All these questions and more weigh on my mind. I have tentative answers for some of them; for instance I think that an organization’s morality is emergent and therefore potentially different from the members that make it up. Further, I believe that an organization’s morality depends largely on the magical mechanisms which make it up rather than the persuasions of its members. You can have a good organization full of evil people, so long as those people correctly operate the mechanisms of the organization; it doesn’t matter whether they are assholes, the organization will still function morally. For example, you can have a hospital filled with most despicable nurses, doctors, and support staff, but as long as they continue to operate the hospital correctly, they do good in the world. In the same manner, you can have an evil organization filled with good people; so long as its members correctly operate its mechanisms. A great example would be the North American police officer; a district of cops may all be wonderful people, but they still function within a white supremacist institution.
Of course, the morality of an institution and its members are not discrete. My belief about the emergent morality of an organization being determined by its magical mechanisms IS NOT an assertion that organizations have no effect on their members or that their members have no effect on them. They do. The mixture of the parts and the whole must be made healthy; police officers must work to reform their institution, and the hospital must discipline its staff. My emphasis is on the members operating the organization correctly. We must remember all humans have magical powers, and all can change the magical mechanisms of their organizations (see quote from pg. 23-24). Emergence does not mean that the emergent level is divorced from the component level, but rather, that are different and connected.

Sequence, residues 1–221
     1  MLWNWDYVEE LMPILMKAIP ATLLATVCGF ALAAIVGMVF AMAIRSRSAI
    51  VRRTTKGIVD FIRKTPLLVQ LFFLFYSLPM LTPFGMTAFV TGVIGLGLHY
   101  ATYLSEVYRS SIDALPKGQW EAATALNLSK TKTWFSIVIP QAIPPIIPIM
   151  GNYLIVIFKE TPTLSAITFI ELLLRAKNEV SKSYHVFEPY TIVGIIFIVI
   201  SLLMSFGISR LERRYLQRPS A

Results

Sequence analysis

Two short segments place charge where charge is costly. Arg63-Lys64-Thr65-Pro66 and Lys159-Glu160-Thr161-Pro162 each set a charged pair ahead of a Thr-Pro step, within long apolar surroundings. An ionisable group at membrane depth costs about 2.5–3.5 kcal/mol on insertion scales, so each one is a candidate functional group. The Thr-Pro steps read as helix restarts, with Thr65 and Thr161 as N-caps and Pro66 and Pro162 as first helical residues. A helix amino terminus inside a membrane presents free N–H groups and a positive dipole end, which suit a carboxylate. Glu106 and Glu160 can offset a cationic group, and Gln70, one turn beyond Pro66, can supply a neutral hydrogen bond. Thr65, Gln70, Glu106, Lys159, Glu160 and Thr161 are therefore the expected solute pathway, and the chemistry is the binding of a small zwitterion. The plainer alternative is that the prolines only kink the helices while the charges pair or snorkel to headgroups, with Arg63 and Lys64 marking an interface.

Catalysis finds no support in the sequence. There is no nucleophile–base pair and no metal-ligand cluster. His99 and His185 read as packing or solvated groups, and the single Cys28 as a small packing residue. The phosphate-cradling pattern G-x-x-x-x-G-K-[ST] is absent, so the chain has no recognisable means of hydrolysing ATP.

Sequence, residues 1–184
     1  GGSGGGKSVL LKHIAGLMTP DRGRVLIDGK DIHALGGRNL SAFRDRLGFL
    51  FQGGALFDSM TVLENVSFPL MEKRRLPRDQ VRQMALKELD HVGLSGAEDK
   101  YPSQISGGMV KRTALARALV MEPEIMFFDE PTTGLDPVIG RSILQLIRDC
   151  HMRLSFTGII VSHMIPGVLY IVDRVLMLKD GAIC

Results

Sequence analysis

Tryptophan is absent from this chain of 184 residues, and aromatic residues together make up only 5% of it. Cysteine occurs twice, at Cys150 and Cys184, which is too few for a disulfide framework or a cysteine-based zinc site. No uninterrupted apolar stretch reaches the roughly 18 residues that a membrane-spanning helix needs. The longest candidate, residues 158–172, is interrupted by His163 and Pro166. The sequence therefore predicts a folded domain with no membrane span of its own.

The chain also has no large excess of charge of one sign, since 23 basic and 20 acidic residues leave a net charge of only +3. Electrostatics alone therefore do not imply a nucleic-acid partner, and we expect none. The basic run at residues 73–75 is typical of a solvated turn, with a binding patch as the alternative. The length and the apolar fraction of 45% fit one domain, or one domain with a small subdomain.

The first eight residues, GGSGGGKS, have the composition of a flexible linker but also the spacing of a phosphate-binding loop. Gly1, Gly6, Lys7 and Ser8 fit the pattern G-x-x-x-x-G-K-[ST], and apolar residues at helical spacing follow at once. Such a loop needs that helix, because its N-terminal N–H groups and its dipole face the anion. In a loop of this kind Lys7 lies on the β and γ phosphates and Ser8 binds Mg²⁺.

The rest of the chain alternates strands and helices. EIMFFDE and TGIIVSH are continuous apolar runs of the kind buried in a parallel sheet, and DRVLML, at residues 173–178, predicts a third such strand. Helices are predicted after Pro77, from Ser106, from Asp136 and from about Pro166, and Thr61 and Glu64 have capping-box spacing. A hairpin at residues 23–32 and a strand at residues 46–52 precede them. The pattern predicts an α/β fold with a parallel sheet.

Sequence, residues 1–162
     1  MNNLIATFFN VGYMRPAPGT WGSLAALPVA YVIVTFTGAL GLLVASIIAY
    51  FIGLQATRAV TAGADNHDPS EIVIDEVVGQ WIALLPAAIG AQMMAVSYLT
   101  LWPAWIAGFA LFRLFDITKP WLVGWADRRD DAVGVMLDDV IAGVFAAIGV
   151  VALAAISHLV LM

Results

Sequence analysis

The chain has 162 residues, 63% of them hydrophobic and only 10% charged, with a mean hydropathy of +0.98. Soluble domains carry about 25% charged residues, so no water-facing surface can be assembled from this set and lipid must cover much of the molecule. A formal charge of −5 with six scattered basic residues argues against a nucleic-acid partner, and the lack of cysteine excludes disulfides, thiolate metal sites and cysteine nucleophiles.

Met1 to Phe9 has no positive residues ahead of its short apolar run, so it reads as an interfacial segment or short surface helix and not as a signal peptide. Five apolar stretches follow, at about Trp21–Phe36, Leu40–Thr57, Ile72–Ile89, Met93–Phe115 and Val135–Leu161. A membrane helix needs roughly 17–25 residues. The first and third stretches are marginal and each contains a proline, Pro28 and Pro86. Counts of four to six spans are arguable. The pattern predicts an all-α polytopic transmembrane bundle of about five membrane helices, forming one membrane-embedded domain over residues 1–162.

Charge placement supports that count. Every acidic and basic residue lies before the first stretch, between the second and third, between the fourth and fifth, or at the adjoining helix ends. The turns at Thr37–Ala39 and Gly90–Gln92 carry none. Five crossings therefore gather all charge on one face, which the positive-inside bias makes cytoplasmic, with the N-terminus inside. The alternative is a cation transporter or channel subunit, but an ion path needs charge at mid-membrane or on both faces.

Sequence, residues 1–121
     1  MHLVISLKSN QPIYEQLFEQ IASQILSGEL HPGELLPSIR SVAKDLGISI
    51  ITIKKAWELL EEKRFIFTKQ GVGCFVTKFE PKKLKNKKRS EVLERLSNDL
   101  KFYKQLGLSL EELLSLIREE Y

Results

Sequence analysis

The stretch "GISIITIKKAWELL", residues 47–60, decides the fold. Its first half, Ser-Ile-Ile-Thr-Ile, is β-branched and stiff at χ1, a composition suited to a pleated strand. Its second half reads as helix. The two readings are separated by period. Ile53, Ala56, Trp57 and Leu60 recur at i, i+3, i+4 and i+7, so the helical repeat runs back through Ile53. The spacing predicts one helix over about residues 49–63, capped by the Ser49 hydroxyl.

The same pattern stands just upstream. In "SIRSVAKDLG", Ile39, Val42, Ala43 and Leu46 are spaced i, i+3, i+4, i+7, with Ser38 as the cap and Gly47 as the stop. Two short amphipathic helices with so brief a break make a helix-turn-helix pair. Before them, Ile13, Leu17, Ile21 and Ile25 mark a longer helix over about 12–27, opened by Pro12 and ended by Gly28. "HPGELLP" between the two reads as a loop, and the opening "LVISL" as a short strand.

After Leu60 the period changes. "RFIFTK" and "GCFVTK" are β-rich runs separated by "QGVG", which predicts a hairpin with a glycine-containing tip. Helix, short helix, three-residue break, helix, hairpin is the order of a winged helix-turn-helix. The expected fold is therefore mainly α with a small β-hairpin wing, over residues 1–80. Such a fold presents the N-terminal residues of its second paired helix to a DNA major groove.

But that is as far as I can go with my current understanding. How does a person reconcile their standard for moral actions with the actions needed to create good organizations (assuming they don’t align)? Further, once the organization functions morally, what is required to maintain it?
I don’t have answers to these questions, but I believe I have some directions to guide my path. Firstly, Good and Evil are magical; they are created by us (I say “us” deliberately here to infer how humans tend to have tribal normative standards). Secondly, I don’t believe a single philosopher or theologian can answer these questions. I think that, in order to figure out a moral code for an organization, an organization much develop it. This reflects my understanding of morality refracting according to the medium it’s in; it seems important to develop a moral standard within the medium it will be used. Beyond this, I do not know. I don’t know whether to choose a deontological or utilitarian framework, or even if such a choice is necessary. I must study more.
- The Least of All Possible Evils – Eyal Weizman